The youngest fossils in the park are less than one million years old, and come from the 14 ancient lake deposits found within Zion. Multiple times in Zion's past, landslides and lava flows have blocked canyon drainages, temporarily damming up the streams to form lakes. Sediments accumulated on the bottoms of these lakes, occasionally preserving evidence of the lifeforms of the time. The lakes are no longer there, but these Quaternary age fossils give us a look into the environments of the region in the recent geological past.
Many different species of mollusks, or snails, are housed in the museum collection, in addition to other invertebrates and the vertebrae of fish.
Evidence of terrestrial life has also been uncovered, showing us that modern, diverse life roamed this land over the last 200,000 years. The oldest of these lake sediments contained a rodent skull and bison vertebra (top photo) that date to approximately 220,000 years ago.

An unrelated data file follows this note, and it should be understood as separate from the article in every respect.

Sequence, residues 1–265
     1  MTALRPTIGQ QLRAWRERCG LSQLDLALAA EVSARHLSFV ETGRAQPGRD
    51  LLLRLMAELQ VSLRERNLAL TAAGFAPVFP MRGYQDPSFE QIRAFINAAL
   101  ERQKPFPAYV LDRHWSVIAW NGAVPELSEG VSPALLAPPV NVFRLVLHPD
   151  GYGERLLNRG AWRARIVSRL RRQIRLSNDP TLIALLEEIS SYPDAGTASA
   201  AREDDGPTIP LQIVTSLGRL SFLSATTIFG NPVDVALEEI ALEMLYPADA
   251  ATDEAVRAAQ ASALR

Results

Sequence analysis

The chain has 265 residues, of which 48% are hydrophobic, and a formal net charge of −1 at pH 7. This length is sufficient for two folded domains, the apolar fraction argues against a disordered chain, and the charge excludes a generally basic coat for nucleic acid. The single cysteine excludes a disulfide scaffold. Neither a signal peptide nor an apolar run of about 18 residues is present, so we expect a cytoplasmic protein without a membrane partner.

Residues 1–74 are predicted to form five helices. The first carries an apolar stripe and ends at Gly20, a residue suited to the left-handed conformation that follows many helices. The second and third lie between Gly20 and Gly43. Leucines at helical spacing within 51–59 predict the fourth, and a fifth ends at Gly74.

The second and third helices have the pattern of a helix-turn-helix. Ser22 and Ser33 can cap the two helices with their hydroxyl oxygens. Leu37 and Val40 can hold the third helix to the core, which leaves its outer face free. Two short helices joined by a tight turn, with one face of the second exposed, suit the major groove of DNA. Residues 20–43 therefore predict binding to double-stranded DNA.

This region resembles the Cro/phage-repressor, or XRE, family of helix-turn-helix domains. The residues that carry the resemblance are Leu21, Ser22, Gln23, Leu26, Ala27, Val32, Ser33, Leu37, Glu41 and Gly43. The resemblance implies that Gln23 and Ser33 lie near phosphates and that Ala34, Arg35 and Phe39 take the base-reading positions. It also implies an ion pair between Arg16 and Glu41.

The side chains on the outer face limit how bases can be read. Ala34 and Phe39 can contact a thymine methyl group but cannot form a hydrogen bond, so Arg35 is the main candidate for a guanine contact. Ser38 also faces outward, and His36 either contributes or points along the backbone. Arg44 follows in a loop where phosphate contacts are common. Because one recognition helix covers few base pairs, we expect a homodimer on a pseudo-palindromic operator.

Footprints of a stork-like bird (photo at right) and a footprint of a large mammal, such as a camel or elk, have been discovered in the 126,000 year-old sediments of a lake that filled the Coalpits Wash area.
And in lakebed deposits from 1,600 years ago, a Rocky Mountain bighorn sheep forelimb bone has been uncovered—a different subspecies of bighorn than that found in the park today.
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Last updated: July 6, 2015